Spain ). There are practitioners in Australia, New Zealand, Brazil, Israel, and Japan . Aquatic bodywork is still very new in
South Africa . There are only two practitioners in Johannesburg at present and one in Cape Town .
“It is interesting to see how well physiotherapists are receiving aquatic bodywork. One stated that she has been waiting for me for years! Training in this field is not available in the country and costs of training abroad are high, so many therapists are aware that it is out there and has been out there since the 80’s, but have not had the means of bringing it to South Africa.” says Maria.
As an avid weight lifter, surf-skier and road-runner, would aquatic bodywork be beneficial as part of my training routine?
Most definitely. Aquatic bodywork is a blissful form of muscle recovery and probably the safest form of bodywork and manipulation that has evolved. It can be integrated into convalescence, rehabilitation, or can be done purely for relaxation.
It’s an accessible, low-threshold activity and you don’t have to be able to swim. “My big burly clients can’t believe how easily I move them and make them feel like putty. They think I’m so ‘strong’, but it’s actually just how I use the water and their own body-weight as I lift them partially out of the water or use an accelerating movement against the water’s resistance. They tell me it’s the best full-body experience they’ve ever had.” says Maria.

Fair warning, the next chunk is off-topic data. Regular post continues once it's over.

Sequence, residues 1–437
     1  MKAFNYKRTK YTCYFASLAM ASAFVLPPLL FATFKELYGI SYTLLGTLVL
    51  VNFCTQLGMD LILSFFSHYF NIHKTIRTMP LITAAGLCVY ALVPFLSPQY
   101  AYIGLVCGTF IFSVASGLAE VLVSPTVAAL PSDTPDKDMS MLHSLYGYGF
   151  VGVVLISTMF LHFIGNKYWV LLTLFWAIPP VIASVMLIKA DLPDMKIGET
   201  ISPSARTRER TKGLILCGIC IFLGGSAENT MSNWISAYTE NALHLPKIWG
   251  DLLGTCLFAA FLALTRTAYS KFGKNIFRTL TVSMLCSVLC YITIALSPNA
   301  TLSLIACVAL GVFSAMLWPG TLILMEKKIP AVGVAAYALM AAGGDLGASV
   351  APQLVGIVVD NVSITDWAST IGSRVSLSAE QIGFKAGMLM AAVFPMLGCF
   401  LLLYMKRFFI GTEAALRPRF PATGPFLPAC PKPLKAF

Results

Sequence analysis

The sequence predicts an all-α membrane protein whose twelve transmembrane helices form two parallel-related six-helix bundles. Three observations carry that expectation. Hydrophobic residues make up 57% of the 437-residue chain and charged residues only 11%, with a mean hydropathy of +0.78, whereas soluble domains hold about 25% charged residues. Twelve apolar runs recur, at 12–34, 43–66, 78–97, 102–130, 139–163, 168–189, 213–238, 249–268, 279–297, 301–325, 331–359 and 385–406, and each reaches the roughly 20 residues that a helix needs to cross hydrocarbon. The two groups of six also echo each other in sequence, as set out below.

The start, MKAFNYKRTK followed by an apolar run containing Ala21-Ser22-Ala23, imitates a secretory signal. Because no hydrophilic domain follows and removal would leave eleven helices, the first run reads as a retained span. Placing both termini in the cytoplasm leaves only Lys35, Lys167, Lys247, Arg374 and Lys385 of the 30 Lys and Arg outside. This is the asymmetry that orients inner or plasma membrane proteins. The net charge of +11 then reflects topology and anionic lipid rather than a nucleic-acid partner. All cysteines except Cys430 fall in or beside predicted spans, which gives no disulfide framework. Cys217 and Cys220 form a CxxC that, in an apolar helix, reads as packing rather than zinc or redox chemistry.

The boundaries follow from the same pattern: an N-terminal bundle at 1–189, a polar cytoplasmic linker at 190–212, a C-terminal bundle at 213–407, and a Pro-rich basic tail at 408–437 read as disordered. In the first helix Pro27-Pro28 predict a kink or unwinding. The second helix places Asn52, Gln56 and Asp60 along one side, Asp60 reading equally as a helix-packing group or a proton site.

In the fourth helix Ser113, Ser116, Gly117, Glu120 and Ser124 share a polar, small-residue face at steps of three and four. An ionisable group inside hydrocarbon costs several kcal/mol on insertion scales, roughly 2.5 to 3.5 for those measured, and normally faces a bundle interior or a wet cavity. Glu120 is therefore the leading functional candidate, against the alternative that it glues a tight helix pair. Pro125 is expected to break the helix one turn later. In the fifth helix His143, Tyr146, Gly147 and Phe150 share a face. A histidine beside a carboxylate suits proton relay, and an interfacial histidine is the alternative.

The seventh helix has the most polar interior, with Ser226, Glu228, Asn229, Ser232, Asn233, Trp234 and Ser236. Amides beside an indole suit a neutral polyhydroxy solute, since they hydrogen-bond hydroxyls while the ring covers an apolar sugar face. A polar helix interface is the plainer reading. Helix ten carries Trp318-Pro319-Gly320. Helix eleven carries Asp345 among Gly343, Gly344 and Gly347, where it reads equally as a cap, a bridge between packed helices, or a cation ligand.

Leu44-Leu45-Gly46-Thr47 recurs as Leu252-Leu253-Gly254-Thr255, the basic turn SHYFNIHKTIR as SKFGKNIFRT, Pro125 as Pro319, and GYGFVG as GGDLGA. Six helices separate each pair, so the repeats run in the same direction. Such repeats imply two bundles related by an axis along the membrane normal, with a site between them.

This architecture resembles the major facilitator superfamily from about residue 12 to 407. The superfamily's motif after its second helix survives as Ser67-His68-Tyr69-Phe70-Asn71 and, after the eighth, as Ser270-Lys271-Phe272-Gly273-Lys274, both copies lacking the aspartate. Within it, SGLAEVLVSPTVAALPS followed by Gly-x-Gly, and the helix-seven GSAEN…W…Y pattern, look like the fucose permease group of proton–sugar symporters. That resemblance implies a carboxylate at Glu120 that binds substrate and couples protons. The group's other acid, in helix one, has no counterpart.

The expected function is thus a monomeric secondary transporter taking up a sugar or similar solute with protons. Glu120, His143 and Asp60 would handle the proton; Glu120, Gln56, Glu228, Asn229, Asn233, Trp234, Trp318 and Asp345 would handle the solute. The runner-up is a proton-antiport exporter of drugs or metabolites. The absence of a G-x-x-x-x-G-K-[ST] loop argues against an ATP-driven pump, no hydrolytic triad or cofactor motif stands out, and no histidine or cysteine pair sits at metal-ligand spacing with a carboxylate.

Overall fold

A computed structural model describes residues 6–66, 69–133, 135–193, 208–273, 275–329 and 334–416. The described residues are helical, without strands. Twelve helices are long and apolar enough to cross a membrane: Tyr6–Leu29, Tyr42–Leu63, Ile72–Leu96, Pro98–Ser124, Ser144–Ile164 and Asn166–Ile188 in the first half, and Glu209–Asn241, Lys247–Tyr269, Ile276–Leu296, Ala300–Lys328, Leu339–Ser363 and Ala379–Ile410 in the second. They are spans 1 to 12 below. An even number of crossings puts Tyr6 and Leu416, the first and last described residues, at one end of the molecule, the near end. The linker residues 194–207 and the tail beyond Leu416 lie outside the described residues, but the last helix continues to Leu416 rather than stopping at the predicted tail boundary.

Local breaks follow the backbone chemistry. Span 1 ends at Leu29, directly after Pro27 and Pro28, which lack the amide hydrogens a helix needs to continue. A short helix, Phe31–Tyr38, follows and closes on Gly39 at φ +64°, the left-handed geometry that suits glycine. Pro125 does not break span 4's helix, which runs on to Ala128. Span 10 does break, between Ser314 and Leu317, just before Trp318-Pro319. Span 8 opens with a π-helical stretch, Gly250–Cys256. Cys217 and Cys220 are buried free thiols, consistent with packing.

Most sports, such as weight lifting and running, compress the vertebral column and put pressure on joints, which sometimes has serious long term consequences. Aquatic bodywork relieves this pressure, extends the joints, and gently tractions and mobilizes the vertebral column while loosening and freeing surrounding tissues.
Aquatic bodywork is more effective than regular physiotherapy when it comes to multidimensional stretching – and stretching is vitally important to any sportsman’s performance. It elongates and tones the muscles, allowing for greater flexibility and range of motion in joints, releases tension, and helps muscles perform at peak. In eastern medicine, stretching is believed to release blockages in our meridians, the channels through which our ‘chi’, or life force, flows. Static and dynamic passive stretches are incorporated into the session. People are encouraged to exhale deeply during the stretches – the more they let go physically and mentally, the more they receive from the session.
“I often tell my clients to ignore me. I won’t notice if they haven’t shaved or how they look in a swimsuit. The session is about them, not about me and them. It’s about them and the water. I just help them use the water. Be free like water. Move like water. Yield like water. Become like water.”
They depart with an intense feeling of total, deep relaxation. Together with regular exercise, correct diet and lifestyle, aquatic bodywork contributes in a fundamental way to maintaining the body’s health and holistic balance.
As for injuries, Maria says: “There is nothing more rewarding than having a client open his eyes at the end of a session and say that they have spent years looking for something that will help them and that their search has finally ended.” (also see aquatic bodywork and pain)